Centre of Comparative Law Provides a Home for Italian Post-Doctoral Research Fellow
Maria Sole Continiello Neri, a native of Rome, Italy, recently joined the Centre of Comparative Law at HSE as a Post-Doctoral Research Fellow. While at HSE, she will study Russian immigration law and practice against the backdrop of the European Court of Human Rights. She also plans to study law and ethics of the use of Lethal Autonomous Weapons (LAWs) during armed conflict.
Maria completed her doctoral studies at the Scuola Superiore Sant'Anna in Pisa, where she specialized in International Humanitarian Law and Human Rights Law. She also acquired significant experience in Refugee Law by working in the field with the Italian Red Cross. Alongside her teaching activities, over the coming year she plans to pursue a research project that directly follows from her Ph.D. dissertation, which was aimed at analyzing the interplay between the International Humanitarian Law and International Human Rights Law during military occupations.
Maria Sole Continiello Neri
‘I am really glad to be at the HSE Faculty of Law, and especially to work as a Postdoctoral Research Fellow at the Centre of Comparative Law’, she says. ‘Professor Starzhenetskiy, the chief of my department, and Professor Rusinova, my supervisor, are really supportive in my research and teaching activities. My colleagues and the university staff were really welcoming and supportive, helping me a lot in all the administrative procedures and in integrating me in the academic activities. It is also important to acknowledge the international faculty support unit that helped me step by step in dealing with the lengthy bureaucratic procedures for the visa and work permit, which were the only real difficulties’.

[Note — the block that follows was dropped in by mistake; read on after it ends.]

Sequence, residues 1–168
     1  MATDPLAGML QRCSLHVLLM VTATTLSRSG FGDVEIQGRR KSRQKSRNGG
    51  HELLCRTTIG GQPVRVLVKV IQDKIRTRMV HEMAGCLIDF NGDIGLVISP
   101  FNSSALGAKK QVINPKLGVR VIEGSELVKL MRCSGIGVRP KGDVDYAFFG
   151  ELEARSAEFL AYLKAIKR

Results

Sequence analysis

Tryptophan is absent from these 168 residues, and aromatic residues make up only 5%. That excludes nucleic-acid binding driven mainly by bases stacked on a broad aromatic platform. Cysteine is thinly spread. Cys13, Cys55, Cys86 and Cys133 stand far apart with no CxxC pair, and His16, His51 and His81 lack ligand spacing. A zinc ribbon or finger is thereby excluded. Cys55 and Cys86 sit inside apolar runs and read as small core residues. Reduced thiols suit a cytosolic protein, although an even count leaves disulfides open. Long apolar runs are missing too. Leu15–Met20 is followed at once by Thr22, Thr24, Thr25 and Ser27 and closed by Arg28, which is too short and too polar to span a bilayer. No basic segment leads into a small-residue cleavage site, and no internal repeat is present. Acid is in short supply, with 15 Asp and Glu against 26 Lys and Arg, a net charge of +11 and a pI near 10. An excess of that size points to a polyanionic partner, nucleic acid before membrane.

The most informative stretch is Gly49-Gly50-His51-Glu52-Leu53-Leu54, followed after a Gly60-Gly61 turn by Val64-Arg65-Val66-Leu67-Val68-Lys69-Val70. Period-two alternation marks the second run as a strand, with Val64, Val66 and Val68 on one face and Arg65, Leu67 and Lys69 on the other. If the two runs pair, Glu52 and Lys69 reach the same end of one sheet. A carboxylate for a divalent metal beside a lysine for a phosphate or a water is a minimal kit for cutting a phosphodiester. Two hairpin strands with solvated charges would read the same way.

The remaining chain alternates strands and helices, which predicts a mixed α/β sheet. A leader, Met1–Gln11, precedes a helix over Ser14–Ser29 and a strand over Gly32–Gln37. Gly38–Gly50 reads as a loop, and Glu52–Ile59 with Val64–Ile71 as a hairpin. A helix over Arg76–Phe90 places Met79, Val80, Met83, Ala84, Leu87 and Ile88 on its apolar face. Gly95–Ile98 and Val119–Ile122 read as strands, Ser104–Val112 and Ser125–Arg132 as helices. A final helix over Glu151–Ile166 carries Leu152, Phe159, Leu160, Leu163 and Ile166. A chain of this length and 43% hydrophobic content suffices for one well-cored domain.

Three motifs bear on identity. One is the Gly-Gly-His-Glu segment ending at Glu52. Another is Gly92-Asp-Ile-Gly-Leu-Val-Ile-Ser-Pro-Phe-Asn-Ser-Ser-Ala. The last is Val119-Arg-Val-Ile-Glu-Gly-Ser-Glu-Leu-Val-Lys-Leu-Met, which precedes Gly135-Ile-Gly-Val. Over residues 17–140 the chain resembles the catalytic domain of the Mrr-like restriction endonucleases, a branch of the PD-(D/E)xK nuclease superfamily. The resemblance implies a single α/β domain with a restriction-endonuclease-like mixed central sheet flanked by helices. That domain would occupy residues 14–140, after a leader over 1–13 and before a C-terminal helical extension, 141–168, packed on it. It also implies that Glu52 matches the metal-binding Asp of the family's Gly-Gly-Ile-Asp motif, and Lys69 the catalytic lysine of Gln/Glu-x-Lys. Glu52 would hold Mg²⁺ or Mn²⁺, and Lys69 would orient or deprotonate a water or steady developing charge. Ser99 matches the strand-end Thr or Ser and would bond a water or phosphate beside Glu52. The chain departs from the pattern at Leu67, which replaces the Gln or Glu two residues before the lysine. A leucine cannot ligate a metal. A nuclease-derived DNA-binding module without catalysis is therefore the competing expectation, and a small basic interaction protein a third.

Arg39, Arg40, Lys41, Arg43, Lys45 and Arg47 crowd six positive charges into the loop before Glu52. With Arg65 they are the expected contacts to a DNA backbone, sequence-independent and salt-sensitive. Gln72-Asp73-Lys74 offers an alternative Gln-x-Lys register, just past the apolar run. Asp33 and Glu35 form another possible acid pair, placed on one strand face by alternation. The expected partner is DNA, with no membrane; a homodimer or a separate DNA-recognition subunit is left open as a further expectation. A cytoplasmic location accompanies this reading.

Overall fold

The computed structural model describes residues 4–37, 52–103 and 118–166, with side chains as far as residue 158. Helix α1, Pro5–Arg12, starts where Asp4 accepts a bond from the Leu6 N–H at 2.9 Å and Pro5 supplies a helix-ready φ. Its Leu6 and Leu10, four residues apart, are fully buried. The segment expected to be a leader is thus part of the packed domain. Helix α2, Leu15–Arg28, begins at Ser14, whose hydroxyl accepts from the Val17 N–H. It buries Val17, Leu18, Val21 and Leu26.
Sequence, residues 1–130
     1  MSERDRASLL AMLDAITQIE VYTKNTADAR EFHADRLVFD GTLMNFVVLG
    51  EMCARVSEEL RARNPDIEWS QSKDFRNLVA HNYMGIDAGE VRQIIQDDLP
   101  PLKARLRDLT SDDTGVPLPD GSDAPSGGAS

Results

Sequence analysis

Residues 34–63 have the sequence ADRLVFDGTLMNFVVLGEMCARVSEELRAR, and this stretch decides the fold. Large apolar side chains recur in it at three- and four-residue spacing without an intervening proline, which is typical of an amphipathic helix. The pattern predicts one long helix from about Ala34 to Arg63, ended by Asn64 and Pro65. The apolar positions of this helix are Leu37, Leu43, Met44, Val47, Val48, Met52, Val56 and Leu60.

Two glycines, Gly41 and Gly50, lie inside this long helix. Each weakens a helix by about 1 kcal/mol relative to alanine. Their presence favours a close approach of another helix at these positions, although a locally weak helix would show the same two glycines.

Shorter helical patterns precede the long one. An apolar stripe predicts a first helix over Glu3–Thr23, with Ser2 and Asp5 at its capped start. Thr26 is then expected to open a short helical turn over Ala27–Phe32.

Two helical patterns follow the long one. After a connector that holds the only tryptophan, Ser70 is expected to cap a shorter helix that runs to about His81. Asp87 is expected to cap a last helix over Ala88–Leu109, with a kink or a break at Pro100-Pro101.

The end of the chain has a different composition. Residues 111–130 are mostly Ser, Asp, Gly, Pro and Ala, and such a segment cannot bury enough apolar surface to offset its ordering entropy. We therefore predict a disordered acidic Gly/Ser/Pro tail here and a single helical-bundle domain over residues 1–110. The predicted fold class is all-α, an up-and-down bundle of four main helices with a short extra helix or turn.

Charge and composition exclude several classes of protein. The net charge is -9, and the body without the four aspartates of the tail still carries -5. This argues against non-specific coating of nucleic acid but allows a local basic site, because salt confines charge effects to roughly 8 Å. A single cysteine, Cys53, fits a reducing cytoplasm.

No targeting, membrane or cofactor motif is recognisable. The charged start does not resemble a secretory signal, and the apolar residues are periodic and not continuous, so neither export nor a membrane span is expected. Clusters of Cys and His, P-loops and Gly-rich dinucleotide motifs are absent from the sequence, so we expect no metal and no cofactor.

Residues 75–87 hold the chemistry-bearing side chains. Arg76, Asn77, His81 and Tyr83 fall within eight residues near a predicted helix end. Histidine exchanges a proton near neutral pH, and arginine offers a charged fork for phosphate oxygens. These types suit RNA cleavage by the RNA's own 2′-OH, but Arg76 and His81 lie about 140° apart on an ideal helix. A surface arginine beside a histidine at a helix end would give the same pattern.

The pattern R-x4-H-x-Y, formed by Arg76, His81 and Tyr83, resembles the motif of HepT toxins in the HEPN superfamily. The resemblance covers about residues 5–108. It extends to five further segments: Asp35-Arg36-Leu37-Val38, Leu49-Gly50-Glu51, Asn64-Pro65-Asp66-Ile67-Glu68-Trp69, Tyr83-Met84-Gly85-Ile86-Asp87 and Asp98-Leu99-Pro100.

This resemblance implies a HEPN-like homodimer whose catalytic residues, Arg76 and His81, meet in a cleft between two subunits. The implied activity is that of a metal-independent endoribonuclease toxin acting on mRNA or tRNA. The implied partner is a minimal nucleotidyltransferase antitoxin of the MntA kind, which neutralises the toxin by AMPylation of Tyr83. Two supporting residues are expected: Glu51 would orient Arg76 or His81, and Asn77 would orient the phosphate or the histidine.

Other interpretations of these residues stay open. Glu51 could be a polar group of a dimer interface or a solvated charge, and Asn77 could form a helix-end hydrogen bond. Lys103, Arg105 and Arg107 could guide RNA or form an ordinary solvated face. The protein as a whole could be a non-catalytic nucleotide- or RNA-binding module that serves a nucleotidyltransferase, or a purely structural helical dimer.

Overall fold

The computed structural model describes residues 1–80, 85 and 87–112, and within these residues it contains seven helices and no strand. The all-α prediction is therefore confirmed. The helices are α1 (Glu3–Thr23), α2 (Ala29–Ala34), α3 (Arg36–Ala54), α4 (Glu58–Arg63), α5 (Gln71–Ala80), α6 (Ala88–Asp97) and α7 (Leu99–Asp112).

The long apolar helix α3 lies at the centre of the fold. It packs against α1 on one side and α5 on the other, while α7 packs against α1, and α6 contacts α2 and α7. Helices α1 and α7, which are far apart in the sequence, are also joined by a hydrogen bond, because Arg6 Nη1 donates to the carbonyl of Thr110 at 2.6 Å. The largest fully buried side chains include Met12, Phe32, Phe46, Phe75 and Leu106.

Settling in Moscow
‘Every time I fall more and more in love with this city!’ she exclaims. ‘Its cosmopolitan environment, full of artistic, cultural and intellectual incentives, has always fascinated and conquered my soul. The balance between different populations that melts together makes this city very interesting and attractive. Even the difficulties related to the language are compensated by the kindness of Muscovites who are welcoming and patient with foreigners’.
Maria has been to Moscow three times already, and as a result did not perceive the disorientation of those who have moved to a new place for the first time. That said, she still feels the need to get used to the huge dimensions of the city. Among the the greatest lessons she’s learned by living in Moscow, Maria mentions the benefit of using Google Maps and a map of the Metro, never underestimating traffic, and the importance of dressing in layers.
Despite her familiarity with the cultural and intellectual life of Moscow, she is looking forward to enjoying the abundance of exhibitions, concerts, conferences and meetings that the city offers. Her favorite pasttimes include walks at Chystiye Prudy and Gorky Park, as well as dining at Elarji, a Georgian restaurant.
As for what people can do to prepare to live in Russia for the first time, Maria is quick to recommend books.
‘I will blurt out the recommendation that a friend gave me before I left Rome’, she says. ‘She recommended that I start from the blueprint of the Russian literature: Dostoyevsky, Chekhov, Bulgakov, etc. Even if the places and customs described by those authors have almost disappeared, I think that it is a good way to prepare someone to move to Moscow. And given that I love Chekhov, reading his works is always a pleasure!’
Anna Chernyakhovskaya, specially for HSE News service